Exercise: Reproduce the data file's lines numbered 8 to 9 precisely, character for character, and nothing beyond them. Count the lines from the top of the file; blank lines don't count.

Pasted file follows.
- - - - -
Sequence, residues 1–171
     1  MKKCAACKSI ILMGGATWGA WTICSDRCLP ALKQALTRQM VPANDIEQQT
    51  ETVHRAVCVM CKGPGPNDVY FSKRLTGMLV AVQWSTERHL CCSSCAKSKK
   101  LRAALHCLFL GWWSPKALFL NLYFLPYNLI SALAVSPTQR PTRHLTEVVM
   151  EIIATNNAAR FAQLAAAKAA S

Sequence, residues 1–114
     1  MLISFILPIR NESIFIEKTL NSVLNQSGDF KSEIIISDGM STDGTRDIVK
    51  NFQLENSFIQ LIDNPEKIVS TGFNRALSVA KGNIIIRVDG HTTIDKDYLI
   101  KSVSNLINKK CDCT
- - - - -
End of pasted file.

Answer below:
    51  NFQLENSFIQ LIDNPEKIVS TGFNRALSVA KGNIIIRVDG HTTIDKDYLI
   101  KSVSNLINKK CDCT